Presidential candidate Rick Santorum has chosen to make the use of birth control an issue in the campaign:
"One of the things I will talk about, that no president has talked about before, is I think the dangers of contraception in this country.... Many of the Christian faith have said, well, that's okay, contraception is okay. It's not okay. It's a license to do things in a sexual realm that is counter to how things are supposed to be."Certainly any person is entitled to believe that the use of birth control is immoral. For some religious organizations this idea is an article of faith. But this is not a universal or even close to a majority view. Most sexually active Americans use birth control and consider its use to be highly moral. Family planning is responsible behavior - far more responsible than to risk bringing an unwanted child into this world, or risking the spread of cervical cancer or other sexually transmitted diseases.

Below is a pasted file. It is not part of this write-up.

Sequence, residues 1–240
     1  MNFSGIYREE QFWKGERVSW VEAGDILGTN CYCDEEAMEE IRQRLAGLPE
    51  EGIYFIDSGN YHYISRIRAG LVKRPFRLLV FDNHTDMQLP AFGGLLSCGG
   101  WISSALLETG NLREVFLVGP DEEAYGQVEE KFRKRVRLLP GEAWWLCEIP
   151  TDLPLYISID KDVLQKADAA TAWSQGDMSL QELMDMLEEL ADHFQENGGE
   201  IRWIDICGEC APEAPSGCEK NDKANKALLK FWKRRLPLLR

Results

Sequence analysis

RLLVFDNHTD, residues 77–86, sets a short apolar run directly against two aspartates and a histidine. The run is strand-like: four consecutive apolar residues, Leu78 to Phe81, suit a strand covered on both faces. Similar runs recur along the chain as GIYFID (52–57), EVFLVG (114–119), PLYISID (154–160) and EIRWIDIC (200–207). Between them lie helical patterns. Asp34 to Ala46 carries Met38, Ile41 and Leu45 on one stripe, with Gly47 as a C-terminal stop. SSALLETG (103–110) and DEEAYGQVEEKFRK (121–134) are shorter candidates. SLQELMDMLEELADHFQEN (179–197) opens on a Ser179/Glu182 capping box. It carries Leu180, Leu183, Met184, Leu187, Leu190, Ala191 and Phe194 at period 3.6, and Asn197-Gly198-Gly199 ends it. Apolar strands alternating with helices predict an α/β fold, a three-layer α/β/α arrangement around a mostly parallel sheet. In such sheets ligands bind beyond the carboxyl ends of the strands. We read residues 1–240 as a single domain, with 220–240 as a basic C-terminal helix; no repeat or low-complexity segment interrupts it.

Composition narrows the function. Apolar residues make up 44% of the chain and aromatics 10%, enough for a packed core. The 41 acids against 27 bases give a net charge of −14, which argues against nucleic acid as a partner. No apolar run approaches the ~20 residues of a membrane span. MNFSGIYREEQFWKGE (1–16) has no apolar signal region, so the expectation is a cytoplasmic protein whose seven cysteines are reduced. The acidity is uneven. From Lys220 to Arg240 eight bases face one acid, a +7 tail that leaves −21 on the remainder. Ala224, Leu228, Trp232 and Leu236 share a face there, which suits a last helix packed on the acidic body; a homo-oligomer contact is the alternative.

Moreover, the use of birth control is not solely or even principally a question of morality or religion. It is primarily a question of personal health and individual choice. At stake in this dispute is whether men and women in the United States have the right to engage in sex while protecting themselves from sexually transmitted diseases and unwanted pregnancy.
In his book It Takes a Family Santorum contends that the Supreme Court erred when it decided that Americans have a constitutional right to use birth control. He disapproves of the Court's decisions in both Griswold v. Connecticut (which applied to married persons) and Eisenstadt v. Baird (which found that unmarried persons have an equal right to use birth control). These decisions were rendered four decades ago in 1965 and 1972.
I thought that the right to birth control was well-settled. So far as I can remember Santorum is right that it is an issue that "no president has talked about before," and I am surprised to see it emerge as an issue in the current presidential campaign.